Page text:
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George Ross Kirkpatrick

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George Ross Kirkpatrick

George Ross "Kirk" Kirkpatrick (1867–1937) was an American anti-militarist writer and political activist. He is best remembered as the 1916 Vice Presidential nominee of the Socialist Party of America. He was briefly the Executive Secretary of that organization from November 1925 until May 1926.


Early years

George Ross Kirkpatrick was born February 24, 1867 in West Lafayette, Ohio, the son of a farmer.[1] He attended Allegheny College Preparatory School before enrolling in Ohio Wesleyan University. He received his Bachelor's degree from Albion College and did graduate coursework at Vanderbilt University and the University of Chicago.[1]

Upon graduation, Kirkpatrick worked as a teacher at Kansas Methodist College and Ripon College for 4 years before moving to the Socialist Party-affiliated Rand School of Social Science in New York City.[1][2]

Political career

Kirkpatrick joined the Socialist Party of America in 1903. For nearly 20 years thereafter Kirkpatrick traveled across America as a lecturer for the party, speaking to general audiences on the topic of militarism and other political and economic questions.[1]

In 1910 he self-published his first full-length book, a blistering attack on militarism called War — What For? The first printing of 2500 copies sold out almost immediately and the book was subsequently reprinted many times over the course of the decade.[3]

In 1916, a mail referendum of the membership of the Socialist Party of America named Kirkpatrick as the party's Vice Presidential nominee, topping St. Louis feminist Kate Richards O'Hare in the contest.[4] Kirkpatrick appeared on the ballot along with Presidential hopeful Allan L. Benson and he toured extensively in support of the ticket.

In 1924, Kirkpatrick was in Chicago on the payroll of the Socialist Party as the manager of its "Department of Literature."[5] In that capacity he prepared several propaganda leaflets which were distributed in quantity by the party during the 1924 campaign season: a first on the growing wealth of the capitalist class (a four page leaflet entitled Silence!), another detailing the party's opposition to the then-booming Ku Klux Klan, and a third on unemployment. He also edited the party's monthly magazine, The Socialist World, with Executive Secretary Bertha Hale White's name appearing on the masthead of the publication as "Business Manager."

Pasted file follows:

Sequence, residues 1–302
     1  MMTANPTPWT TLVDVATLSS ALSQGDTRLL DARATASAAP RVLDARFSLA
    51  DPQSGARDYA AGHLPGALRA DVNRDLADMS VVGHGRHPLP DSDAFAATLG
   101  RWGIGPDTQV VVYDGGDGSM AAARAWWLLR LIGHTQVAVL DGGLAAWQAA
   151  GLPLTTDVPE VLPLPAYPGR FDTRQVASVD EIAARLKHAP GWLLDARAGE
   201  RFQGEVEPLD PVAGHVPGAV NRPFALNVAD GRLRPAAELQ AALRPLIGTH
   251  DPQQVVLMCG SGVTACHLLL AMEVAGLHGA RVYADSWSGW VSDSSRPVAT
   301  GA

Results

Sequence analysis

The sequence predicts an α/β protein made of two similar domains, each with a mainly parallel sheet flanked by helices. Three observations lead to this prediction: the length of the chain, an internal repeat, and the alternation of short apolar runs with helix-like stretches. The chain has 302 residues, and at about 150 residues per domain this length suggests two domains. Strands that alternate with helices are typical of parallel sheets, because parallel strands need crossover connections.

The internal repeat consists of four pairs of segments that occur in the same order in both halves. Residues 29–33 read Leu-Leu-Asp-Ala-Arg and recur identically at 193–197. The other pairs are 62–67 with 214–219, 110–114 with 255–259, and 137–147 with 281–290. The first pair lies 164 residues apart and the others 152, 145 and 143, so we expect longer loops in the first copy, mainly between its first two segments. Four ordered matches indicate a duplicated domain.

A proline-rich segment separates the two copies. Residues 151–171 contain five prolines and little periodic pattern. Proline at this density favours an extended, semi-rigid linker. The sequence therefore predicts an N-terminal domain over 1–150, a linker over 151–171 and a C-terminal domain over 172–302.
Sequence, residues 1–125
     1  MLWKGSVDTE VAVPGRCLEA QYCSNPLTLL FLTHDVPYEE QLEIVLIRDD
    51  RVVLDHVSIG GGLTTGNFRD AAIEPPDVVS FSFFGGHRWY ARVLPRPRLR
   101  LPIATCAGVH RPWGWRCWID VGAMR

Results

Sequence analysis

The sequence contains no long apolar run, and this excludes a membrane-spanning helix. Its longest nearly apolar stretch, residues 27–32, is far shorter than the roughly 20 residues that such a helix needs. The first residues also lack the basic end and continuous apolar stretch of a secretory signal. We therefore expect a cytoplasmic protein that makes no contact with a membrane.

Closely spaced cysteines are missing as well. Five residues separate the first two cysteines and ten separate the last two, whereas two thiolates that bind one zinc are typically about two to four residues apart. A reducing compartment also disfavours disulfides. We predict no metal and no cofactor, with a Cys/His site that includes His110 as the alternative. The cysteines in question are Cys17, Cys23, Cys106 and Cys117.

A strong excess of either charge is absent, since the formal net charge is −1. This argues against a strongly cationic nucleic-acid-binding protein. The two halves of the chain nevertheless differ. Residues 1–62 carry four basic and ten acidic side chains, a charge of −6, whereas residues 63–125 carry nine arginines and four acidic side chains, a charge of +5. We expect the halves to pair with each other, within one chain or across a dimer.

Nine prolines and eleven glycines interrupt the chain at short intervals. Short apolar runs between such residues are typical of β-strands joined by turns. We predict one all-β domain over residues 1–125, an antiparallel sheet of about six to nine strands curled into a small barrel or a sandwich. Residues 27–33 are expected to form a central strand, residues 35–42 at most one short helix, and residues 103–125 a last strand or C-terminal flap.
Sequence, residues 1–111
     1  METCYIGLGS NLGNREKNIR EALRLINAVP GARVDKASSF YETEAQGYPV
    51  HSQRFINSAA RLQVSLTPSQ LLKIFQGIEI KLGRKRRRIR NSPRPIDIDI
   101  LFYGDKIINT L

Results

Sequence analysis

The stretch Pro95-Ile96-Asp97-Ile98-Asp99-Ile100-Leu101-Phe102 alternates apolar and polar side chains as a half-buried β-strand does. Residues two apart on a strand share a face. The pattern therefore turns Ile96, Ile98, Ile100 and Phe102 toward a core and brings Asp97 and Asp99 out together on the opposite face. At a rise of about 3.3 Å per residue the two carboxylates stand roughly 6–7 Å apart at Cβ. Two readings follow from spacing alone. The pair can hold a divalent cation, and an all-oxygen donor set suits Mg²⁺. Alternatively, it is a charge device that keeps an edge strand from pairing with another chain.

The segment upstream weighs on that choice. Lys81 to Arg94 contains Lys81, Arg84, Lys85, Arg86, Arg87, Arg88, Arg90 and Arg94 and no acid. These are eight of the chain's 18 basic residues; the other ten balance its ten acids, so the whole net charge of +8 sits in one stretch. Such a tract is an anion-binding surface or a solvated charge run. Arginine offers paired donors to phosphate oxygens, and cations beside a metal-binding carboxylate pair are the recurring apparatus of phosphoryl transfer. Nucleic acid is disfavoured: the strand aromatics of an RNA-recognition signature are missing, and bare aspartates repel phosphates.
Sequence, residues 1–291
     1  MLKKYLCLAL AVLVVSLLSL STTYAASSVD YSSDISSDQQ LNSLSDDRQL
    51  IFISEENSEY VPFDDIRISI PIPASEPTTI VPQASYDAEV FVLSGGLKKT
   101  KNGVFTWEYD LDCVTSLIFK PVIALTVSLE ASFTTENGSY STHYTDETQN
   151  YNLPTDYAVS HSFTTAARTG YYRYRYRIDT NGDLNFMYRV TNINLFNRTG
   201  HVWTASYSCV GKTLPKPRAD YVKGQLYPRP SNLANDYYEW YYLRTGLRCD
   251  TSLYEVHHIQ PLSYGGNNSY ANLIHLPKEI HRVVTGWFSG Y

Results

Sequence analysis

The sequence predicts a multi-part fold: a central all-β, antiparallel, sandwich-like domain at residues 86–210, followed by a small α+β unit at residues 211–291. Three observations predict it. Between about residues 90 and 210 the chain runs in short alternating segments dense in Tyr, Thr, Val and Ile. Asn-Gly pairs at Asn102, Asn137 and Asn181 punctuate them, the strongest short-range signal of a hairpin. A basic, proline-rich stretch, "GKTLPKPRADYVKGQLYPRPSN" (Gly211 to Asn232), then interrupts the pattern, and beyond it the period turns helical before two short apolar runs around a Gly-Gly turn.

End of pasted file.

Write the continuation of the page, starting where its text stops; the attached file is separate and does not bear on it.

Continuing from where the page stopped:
From November 15, 1925, Kirkpatrick served a brief stint as acting Executive Secretary of the Socialist Party, following the resignation of Bertha Hale White, herself a former teacher and journalist.[6] Kirkpatrick, who had been serving as Organization Director, was elected Assistant Executive Secretary by the National Executive Committee at its meeting of October 10, on the heels of White tendering of her resignation effective in a month.[7] Kirkpatrick's time at the helm of the declining organization was short, however, as William H. Henry of Indiana was chosen as a permanent Executive Secretary following the party's May 1–3, 1926 National Convention held in Pittsburgh.

Kirkpatrick later ran for U.S. Senate from Illinois on the Socialist Party ticket in 1928, and for the U.S. Senate from California in 1932 and 1934.[8]

Death and legacy

George Kirkpatrick died in 1937.



Books and pamphlets

  • Mental Dynamite, or Little Lessons to Learn. 1906.
  • West LaFayette, OH: George Kirkpatrick, 1910. —Reissued in multiple editions, including Lithuanian and Finnish translations.
  • For the Educated Proletariat: Some Questions. New York: Cooperative Press, n.d. [c. 1911].
  • Think, or Surrender. Pittsburgh, PA: The Collectivist Press, 1916.
  • The Socialists and the Sword. Chicago: Socialist Party, n.d. [c. 1916].
  • War and the Working Class. n.c.: George R. Kirkpatrick, n.d. [c. 1916].
  • Pittsburgh, PA: The Collectivist Press, 1919.
  • Silence! Chicago: Socialist Party, n.d. [May 1924].
  • The Socialist Party and the Ku Klux Klan. Chicago: Socialist Party, 1924.
  • Out of Work. Chicago,IL: Socialist Party, National Headquarters, [September 1924].
  • Art Young. San Gabriel, CA: Florence H. Kirkpatrick, 1939.


  • "The Priceless Remnant," The Socialist World [Chicago], vol. 5, no. 4 (April 1924), pg. 5.
  • "Fall In or Fall Out," The Socialist World [Chicago], vol. 5, no. 5 (May 1924), pp. 1, 3.
  • "On to Cleveland Gladly — And Carefully," The Socialist World [Chicago], vol. 5, no. 6 (June 1924), pg. 14.
  • "The Enemy Opens Fire Upon the Workers — With Lies," The Socialist World [Chicago], vol. 5, no. 7 (July 1924), pp. 6-7.
  • "One Hundred Days!" The Socialist World [Chicago], vol. 5, no. 8 (August 1924), pp. 1-3.
  • "Our Charter of Liberties," The Socialist World [Chicago], vol. 5, no. 11 (November 1924), pp. 5-6.
  • "Looking Ahead," The Socialist World [Chicago], vol. 5, no. 11 (November 1924), pp. 10, 15.
  • "The Crucifixion of the Children," The Socialist World [Chicago], vol. 5, no. 12 (December 1924), pp. 5-6.
  • "Certain Difficulties," The Socialist World [Chicago], vol. 6, no. 1 (January 1925), pp. 15-16.
  • "The Proletariat and the Right of Revolution," The Socialist World [Chicago], vol. 6, no. 2 (February 1925), pp. 12-14.
  • "'Taken!'" The Socialist World [Chicago], vol. 6, no. 5 (May 1925), pp. 5-6.
  • "Join the Army," The Socialist World [Chicago], vol. 6, no. 6 (June 1925), pp. 1-3.
  • "The Significance of Youth in Social Progress," The Socialist World [Chicago], vol. 6, no. 6 (June 1925), pp. 10-11.
  • "Christ in China, or — Why Hesitate?" The Socialist World [Chicago], vol. 6, no. 7 (July 1925), pp. 1-2.
  • "The International and Labor Congress of 1925," The Socialist World [Chicago], vol. 6, no. 7 (July 1925), pg. 7.

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